Service center executives tend to focus on sales, not cyber security. Hackers are only a threat to big corporations, right? And anyway, Tom down in IT is on top of it, they think to themselves. In fact, like all companies, service centers have become increasingly dependent on electronic communication, the Internet and computer hardware and software in the daily operation of their businesses. Such reliance only heightens their vulnerability to cyber security threats. Securing important data from nefarious individuals both outside and inside the company is a task top executives should make a personal priority.
Cyber crimes are growing more common, more costly and are taking longer to resolve, according to a recent report commissioned by the Metals Service Center Institute, Rolling Meadows, Ill. In their fifth Cost of Cyber Crime Study, graduate students at Washington University’s Boeing Center for Technology, Information & Management in St. Louis found that the average cost of cyber crime to a U.S. company climbed more than 9 percent to $12.7 million, up from $11.6 million in the 2013 study. The average time to resolve an attack increased from 32 days to 45.
“With data breaches happening frequently, all companies must be concerned about the safety of their data and honestly ask themselves if they are as well protected as they think they are, ” says Bob Weidner, MSCI president and CEO. “The potential damage to the company is compounded by how long it would take to be up and running again, at what cost, and the cost of lost revenue.”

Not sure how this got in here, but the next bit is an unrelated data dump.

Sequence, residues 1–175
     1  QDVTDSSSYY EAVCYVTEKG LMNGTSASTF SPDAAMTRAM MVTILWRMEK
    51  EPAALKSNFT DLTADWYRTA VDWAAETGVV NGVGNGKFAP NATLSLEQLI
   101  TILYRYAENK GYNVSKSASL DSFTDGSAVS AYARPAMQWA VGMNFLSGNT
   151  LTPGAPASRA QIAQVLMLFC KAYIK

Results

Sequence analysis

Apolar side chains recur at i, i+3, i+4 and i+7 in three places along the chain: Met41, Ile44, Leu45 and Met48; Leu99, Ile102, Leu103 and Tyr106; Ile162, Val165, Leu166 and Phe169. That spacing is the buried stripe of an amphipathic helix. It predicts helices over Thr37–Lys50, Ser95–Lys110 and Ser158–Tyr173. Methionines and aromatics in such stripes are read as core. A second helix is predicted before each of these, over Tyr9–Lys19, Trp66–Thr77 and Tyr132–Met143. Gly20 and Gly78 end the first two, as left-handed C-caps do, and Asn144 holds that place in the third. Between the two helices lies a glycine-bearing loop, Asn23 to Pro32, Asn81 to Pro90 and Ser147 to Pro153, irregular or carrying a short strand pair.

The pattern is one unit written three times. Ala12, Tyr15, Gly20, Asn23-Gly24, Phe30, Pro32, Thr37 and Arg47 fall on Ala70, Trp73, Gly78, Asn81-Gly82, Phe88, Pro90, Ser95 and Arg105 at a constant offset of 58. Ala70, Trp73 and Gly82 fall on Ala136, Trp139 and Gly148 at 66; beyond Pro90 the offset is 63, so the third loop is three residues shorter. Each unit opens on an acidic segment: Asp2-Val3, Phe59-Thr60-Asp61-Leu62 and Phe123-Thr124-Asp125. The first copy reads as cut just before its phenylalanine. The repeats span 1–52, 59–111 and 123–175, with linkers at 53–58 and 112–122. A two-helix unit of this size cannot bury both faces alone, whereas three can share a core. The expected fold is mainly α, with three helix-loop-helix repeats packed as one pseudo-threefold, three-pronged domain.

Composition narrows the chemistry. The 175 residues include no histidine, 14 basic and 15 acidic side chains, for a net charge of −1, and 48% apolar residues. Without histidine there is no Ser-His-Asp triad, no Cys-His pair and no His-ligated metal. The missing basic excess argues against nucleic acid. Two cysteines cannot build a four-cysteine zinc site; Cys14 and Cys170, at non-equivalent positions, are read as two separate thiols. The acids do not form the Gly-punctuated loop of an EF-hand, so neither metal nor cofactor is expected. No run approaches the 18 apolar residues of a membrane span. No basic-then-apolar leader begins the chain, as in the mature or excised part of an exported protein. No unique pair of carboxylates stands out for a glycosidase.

These concerns prompted MSCI to ask BCTIM to research the cyber security threat, specifically as it relates to the metals industry. Three key lessons emerged from the report:
• Cyber security efforts require C-suite support. Executives must be directly involved in the management of their company's cyber risk, creating and implementing the processes and policies necessary. Little happens in this arena without the top executive pushing for and supporting change, researchers found.
• The biggest risk to any size company is internal. Employees have access to critical information. A lack of proper cyber security policies, procedures and processes leads to vulnerabilities. Most employees are not trained to detect email attacks, but breaches at U.S. Steel and Alcoa a few years earlier were prompted by email phishing scams.
• If a company is unsure about reducing its cyber security risk, the policies and procedures necessary and the next steps to take, it should get help from a specialized third party with the necessary expertise.
MSCI members can view the Cyber Security Report at www.msci.org
For more on information technology enhancements in the metals service center sector, see the IT Solutions supplement to be delivered with the August issue of Metal Center News.